On 28.06.2010 14:52, Andy Bogdanov wrote:
> I was trying to make an iterator that goes through a simple tree
> structure something like that:
>
> class Node
> ..
> def each_child(&block)
>    @children.each { |child| yield(child) { child.each_child(&block) } }
> end
> ..
> end
>
> so i could generate a simple html menu:
>
> puts "<ul>"
> root_node.each_child { |node|
>    puts "<li><a href=\"#{child.link}\">#{child.title}</a></li>"
>    unless node.children.empty?
>      puts "<ul>"
>      yield
>      puts "</ul>"
>    end
> }
> puts "</ul>"
>
> But it turns out that Ruby syntax prohibits passing blocks to yield. A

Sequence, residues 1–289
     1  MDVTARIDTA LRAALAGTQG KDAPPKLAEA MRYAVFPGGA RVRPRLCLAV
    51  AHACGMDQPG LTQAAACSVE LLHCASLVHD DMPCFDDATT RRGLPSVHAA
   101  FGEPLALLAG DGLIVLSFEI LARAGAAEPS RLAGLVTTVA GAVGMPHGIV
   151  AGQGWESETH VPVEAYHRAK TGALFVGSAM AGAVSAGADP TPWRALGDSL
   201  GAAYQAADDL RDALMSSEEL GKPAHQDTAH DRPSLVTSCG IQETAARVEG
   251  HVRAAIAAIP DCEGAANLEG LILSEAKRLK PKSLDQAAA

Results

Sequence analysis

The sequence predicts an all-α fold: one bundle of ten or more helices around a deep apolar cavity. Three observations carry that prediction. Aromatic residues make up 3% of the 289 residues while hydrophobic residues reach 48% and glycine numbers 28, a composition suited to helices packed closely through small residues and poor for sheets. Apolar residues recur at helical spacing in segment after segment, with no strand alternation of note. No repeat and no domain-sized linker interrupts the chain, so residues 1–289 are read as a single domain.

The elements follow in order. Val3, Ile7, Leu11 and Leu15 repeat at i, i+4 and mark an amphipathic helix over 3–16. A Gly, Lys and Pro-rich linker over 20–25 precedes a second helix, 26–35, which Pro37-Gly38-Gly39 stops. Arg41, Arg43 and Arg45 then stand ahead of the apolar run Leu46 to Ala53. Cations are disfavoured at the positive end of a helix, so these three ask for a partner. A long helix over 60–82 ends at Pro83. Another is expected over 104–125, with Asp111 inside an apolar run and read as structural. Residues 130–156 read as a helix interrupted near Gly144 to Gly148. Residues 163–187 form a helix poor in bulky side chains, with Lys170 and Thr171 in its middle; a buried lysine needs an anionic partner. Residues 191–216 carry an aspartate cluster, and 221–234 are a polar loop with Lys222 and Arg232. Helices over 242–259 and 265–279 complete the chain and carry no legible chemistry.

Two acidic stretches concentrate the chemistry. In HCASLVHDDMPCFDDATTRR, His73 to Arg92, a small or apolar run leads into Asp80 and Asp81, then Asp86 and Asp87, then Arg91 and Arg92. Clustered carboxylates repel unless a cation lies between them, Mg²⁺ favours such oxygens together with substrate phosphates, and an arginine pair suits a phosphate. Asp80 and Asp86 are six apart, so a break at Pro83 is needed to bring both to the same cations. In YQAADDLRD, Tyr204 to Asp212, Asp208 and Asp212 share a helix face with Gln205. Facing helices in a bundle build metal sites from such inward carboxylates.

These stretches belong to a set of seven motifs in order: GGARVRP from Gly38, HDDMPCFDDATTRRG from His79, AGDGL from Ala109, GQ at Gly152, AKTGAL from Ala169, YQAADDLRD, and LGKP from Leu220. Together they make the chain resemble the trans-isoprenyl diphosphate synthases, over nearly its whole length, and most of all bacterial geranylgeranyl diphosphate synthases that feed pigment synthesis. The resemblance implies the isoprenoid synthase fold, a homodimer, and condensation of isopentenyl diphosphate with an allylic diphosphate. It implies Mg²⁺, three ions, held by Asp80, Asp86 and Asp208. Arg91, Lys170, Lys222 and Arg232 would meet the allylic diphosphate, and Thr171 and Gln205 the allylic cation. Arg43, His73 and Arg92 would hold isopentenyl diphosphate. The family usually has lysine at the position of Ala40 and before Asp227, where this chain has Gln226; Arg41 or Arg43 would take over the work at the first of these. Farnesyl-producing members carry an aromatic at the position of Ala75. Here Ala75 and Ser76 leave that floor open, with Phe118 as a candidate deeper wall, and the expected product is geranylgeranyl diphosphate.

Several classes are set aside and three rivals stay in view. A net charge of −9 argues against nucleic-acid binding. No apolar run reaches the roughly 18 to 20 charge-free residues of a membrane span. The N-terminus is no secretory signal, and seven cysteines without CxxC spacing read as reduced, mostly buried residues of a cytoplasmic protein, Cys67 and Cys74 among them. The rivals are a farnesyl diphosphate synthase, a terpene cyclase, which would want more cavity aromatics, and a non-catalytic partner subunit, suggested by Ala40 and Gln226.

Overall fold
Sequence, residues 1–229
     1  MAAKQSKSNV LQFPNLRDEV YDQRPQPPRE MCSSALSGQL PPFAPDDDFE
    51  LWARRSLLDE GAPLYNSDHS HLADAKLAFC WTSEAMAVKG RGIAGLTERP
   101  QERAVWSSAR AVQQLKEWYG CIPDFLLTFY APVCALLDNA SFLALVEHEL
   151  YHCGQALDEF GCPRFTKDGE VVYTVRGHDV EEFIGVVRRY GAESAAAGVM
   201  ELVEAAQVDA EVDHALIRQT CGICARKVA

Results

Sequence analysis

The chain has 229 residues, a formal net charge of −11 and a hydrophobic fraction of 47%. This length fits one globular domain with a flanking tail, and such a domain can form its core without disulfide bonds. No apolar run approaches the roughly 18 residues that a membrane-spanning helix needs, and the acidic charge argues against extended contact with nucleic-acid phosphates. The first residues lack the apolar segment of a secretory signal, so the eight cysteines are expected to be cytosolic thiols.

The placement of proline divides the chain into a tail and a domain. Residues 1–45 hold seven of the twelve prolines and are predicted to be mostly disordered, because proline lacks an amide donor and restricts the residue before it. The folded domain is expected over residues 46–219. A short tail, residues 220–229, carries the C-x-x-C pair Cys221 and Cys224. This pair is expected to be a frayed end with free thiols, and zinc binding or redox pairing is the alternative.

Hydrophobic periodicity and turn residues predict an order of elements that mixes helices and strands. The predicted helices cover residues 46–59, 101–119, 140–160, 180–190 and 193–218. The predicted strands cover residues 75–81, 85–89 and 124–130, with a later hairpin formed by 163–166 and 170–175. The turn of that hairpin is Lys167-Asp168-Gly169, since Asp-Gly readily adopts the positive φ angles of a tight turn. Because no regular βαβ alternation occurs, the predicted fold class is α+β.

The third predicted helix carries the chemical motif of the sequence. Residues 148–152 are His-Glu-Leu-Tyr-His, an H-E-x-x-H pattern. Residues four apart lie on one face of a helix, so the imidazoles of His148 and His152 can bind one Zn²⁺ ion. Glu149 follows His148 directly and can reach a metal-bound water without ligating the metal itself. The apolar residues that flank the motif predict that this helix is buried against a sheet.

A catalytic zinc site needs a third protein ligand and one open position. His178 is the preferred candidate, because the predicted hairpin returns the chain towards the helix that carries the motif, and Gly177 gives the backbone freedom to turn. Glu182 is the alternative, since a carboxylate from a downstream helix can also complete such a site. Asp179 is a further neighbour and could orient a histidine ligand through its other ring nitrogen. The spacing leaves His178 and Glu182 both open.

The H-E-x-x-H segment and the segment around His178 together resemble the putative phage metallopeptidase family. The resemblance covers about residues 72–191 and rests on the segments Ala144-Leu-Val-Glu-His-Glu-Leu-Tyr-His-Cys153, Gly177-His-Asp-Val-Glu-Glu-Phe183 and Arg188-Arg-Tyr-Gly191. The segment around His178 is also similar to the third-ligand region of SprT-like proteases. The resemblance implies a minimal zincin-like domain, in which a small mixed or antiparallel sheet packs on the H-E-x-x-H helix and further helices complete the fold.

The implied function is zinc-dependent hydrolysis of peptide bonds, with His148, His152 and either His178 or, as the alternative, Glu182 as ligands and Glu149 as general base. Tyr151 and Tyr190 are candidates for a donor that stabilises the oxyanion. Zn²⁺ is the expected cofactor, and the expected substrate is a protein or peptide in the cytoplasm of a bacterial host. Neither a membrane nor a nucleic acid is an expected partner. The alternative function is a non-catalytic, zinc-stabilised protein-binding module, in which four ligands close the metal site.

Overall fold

> simple workaround is to use block.call instead of yield everywhere.
>
> Is there any good reason for that limitation?

There is no point in passing a block to yield because yield implicitly 
calls the block passed to the current method.

I think what you really want is this:

def each_child(&b)
   b[self] # or b.call(self) or simply yield self
   @children.each {|ch| ch.each_child(&b)}
   self
end

Kind regards

	robert

-- 
remember.guy do |as, often| as.you_can - without end
http://blog.rubybestpractices.com/